These are just some of the considerations to noodle over before instituting a mandatory, inflexible return.

Rigidity Could Impact Retention of Your Working Parents, Especially Women

As I wrote here (as have others, even in Time), women continue to bear the brunt of childcare and school, cleaning, planning, coordinating, shopping, and cooking all while “managing” full-time jobs.

Image by Standsome from Pixabay

McKinsey & Company’s Women in the Workplace 2020 reported 1 in 4 women have considered leaving the workforce and that moms are three times more likely as dads to be responsible for most of the caregiving during the pandemic. McKinsey found that women are 1.5 times more likely that men to spend an additional 3+ hours per day on childcare and housework.

Employers, your momma employees are exhausted. And they’re quitting.

Indeed, CNBC reports that more than 2.3 million have left the workforce since February 2020, bringing their labor participation rate to 1988 levels, according to the National Women’s Law Center. The Atlantic reported an even higher 2.5 million women exited their jobs during the pandemic. And more are considering leaving.

Why? This Atlantic article described the women interviewed:

They were feeling a lot more burned out; they were feeling like they have extra responsibilities outside of the workplace, and not having flexibility at work.

McKinsey report author Jess Huang, as told to The Atlantic

These numbers and the mass exodus of women from the workplace reported in these articles astonish me. How can employers retain the talents of their mom employees? Makes it tough to have a gender-diverse workplace, huh?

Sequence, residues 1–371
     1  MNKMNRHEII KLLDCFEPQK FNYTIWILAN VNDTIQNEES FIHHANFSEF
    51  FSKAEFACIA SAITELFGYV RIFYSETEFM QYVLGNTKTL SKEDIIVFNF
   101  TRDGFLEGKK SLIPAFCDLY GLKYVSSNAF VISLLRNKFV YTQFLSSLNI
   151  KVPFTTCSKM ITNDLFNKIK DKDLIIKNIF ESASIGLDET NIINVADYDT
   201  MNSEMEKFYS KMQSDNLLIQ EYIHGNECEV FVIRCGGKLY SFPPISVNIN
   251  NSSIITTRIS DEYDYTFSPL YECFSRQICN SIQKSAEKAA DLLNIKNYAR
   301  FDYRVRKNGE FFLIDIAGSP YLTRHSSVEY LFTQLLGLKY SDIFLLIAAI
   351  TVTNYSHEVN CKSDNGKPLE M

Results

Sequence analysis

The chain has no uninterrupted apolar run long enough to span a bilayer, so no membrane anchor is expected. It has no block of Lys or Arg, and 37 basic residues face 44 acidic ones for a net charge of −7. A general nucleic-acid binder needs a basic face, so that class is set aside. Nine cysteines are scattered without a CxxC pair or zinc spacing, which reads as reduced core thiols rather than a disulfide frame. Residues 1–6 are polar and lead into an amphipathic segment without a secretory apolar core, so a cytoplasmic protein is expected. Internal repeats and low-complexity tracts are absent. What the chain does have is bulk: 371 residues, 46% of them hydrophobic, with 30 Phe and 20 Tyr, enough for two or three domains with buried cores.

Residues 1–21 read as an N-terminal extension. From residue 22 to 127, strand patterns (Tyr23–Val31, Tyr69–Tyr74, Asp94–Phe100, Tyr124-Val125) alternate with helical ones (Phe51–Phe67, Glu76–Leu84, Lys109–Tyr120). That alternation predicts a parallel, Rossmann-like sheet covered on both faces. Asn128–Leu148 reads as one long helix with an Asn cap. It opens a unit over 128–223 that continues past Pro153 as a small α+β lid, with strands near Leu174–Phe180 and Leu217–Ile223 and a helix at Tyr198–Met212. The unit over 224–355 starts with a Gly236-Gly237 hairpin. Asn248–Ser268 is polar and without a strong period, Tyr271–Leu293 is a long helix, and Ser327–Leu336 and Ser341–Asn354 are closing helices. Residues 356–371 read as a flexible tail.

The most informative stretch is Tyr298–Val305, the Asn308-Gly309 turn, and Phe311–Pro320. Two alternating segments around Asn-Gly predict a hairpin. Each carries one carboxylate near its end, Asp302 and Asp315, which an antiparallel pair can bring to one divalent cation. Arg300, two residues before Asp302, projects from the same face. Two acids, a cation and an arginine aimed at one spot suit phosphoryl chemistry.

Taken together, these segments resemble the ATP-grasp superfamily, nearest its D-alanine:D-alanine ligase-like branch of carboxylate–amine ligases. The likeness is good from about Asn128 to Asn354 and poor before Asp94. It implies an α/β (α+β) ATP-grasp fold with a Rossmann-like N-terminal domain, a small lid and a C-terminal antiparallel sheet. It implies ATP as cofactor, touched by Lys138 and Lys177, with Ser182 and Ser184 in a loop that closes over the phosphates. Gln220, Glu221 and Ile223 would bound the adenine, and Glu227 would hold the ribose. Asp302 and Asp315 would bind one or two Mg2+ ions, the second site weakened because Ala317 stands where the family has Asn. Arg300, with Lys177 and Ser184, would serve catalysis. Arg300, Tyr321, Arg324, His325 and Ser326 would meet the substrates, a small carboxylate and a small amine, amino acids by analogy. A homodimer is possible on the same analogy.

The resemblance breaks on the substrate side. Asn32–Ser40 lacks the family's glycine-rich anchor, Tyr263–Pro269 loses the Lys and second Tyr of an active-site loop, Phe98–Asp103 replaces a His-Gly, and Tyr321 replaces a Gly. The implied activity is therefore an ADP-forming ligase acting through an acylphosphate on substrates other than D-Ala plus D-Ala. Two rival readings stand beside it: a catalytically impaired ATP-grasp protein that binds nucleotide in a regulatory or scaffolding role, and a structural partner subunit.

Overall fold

“Flexibility At Work” – I Have Takeaways For You, Employers

Look, I’m not saying, don’t open your offices back up—far from it! I’m saying return to the office mindfully, empathetically, flexibly and as safely as possible. Consider the following:

  • Providing paid sick leave and emergency family medical leave under FFCRA—it’s free! Sure, there’s paperwork involved, but again—the federal government reimburses businesses with tax credits through September 30, 2021. Doesn’t the “free” balance out the red tape if it keeps your workforce safer?
  • Ensure navigation of the sometimes complicated web of federal, state, and/or local sick, quarantine, and vaccine laws;
  • Create more flexible schedules, including part-time and job-sharing options;
  • Update your policies on travel, leaves of absences, attendance, etc.;
  • An Employee Assistance Program that provides mental health benefits, among others;
  • Conversations with your employees who are parents and caregivers to discover what would help them best;
  • Ensure you have a trained HR team, and train your managers to recognize requests for accommodations and to mirror your safety policy;
  • And, along the same lines, clear, frequent communications with your workforce. Provide accurate, recent information from trusted sources like the CDC, your state Department of Health, or your friendly, outside employment counsel (:-)).

Flexibility is key. I barely scratch the surface here, but you get the gist: the workplace as we knew it needs a bit of facelift instead of mandatory face-time.

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Amy Epstein Gluck

Amy Epstein Gluck has represented individuals and corporate clients in Virginia, Washington, D.C., and various federal district courts for more than twenty years. Ms. Epstein Gluck’s current practice areas include employment law—advising on and drafting employment agreements; handling employment negotiations, severance agreements, noncompete and nondisclosure agreements, “wrongful terminations” and other EEO matters; representation at the EEOC level; advising employers about discrimination laws and how to remain in compliance, and employment negotiations.